Palliative Care for Mesothelioma Patients

Palliative care is a very useful and productive way to treat patients who have been diagnosed with mesothelioma. It involves managing the pain and symptoms of cancer. In general, palliative care can be defined as specialized medical care for those living with an illness like cancer and focuses on enhancing a person’s quality of life. Other goals of this treatment are to relieve pain and make symptoms lessen. Although mesothelioma does not have a cure, palliative care can increase the lifespan of victims. When treating mesothelioma victims, palliative care can improve reduced appetite, problems with breathing, weakness, pain and poor well-being. Palliative care differs from hospice care in that it includes treatments and therapies such as radiation, medication, chemotherapy and surgery.

Normally, a palliative care team is made up of many different people. These people provide medical, social, practical and emotional support. Those on a palliative care team include doctors and nurses and can also include social workers, chaplains and nutritionists. Palliative care providers may also treat psychological disorders, realize when a patient may have anxiety or depression and provide counseling to patients.

There are two types of palliative procedures that can treat pleural effusions. Pleural effusions are described as water on the lungs, and they occur when there is a build-up of excess fluid between the layers of the pleura outside the lungs. This can become very serious. The two types of palliative procedures that treat this include pleurodesis and thoracentesis. These methods of care involve extracting fluid through a tube, thus creating less pressure on the lungs. After either of these treatments, patients should feel more relief when breathing and they should begin to cough less. In fact, one study has shown that 92% of patients who had a pleurodesis procedure reported that they had less shortness of breath than before the procedure. Other types of palliative surgeries include a partial pleurectomy, which includes removing a part of the pleura so that it can’t fill up with fluid, inserting a catheter and video-assisted thoracoscopic surgery (VATS) talc pleurodesis. This consists of sealing the space between the two layers of the pleura with medical-grade talc so that it cannot fill with fluid.

Chemotherapy is another option for palliative care. This is a form of palliative care if it is done by itself. Radiation therapy can also be used as palliative care. Radiation therapy can shrink tumors growing into the chest wall. This is done by reducing pressure on the chest wall and lungs.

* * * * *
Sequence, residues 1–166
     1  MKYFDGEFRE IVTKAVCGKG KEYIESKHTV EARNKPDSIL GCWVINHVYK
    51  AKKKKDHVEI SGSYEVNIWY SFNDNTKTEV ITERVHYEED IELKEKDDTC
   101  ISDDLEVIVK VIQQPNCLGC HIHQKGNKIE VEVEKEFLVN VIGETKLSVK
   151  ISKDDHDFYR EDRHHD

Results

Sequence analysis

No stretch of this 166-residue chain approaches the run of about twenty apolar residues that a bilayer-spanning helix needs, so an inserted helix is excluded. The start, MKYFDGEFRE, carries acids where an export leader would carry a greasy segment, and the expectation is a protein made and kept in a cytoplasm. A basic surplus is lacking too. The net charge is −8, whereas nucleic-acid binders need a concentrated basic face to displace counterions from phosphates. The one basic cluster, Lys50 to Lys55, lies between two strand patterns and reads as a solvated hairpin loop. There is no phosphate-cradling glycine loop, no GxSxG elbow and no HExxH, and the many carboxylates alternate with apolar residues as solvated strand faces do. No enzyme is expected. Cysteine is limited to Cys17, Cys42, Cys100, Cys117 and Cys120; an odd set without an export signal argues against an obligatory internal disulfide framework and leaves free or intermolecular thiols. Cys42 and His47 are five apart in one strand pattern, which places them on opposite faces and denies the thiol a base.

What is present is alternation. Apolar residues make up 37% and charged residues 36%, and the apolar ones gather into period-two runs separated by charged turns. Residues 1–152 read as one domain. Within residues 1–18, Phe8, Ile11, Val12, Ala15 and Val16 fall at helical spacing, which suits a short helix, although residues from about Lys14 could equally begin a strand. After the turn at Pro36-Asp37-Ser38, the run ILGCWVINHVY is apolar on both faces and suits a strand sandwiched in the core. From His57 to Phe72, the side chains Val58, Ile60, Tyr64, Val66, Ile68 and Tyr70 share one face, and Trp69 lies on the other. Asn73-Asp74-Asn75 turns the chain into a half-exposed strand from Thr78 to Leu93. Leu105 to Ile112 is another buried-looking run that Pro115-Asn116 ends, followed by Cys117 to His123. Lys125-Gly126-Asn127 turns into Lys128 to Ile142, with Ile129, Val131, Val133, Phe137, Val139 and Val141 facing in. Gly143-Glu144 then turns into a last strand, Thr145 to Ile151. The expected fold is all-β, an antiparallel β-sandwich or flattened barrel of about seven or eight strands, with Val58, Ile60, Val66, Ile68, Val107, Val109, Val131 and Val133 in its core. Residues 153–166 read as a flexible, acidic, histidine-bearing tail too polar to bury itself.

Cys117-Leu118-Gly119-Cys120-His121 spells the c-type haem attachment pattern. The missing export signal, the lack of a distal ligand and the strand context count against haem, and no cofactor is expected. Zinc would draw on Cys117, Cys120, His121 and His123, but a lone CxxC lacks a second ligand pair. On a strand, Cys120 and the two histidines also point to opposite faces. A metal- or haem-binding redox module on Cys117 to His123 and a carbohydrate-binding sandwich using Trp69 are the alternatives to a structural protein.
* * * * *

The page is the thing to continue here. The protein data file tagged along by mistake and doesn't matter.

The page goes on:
Around 60% of patients who have abdominal mesothelioma are not able to have surgery. Instead, they can receive palliative care to improve symptoms and quality of life. A procedure that removes fluid from the abdominal cavity is called paracentesis. Patients who undergo this type of treatment experience less pain afterwards. Other forms of palliative procedures include combining cytoreductive surgery and heated chemotherapy. Although highly invasive, this procedure is still technically palliative.

It is difficult to treat pericardial mesothelioma due to its proximity to the heart and not as much is known about care because it is such a rare form of cancer. The most common form of palliative care for pericardial mesothelioma is pericardiocentesis, which involves the removal of fluid in the sac that surrounds the heart. This procedure tends to lessen coughing, chest pains, irregular heartbeat and breathing problems. Another form of palliative treatment involves medication. Medication can include prescription painkillers or over-the-counter medications.

Here at the Halpern Law Firm, we are here for victims of mesothelioma. We want to make sure that all victims of mesothelioma get the compensation they deserve. If you have been diagnosed with mesothelioma and are interested in receiving compensation, call 800-505-6000 for a free case evaluation today. We are available 24/7.


Written By Sadie Gold

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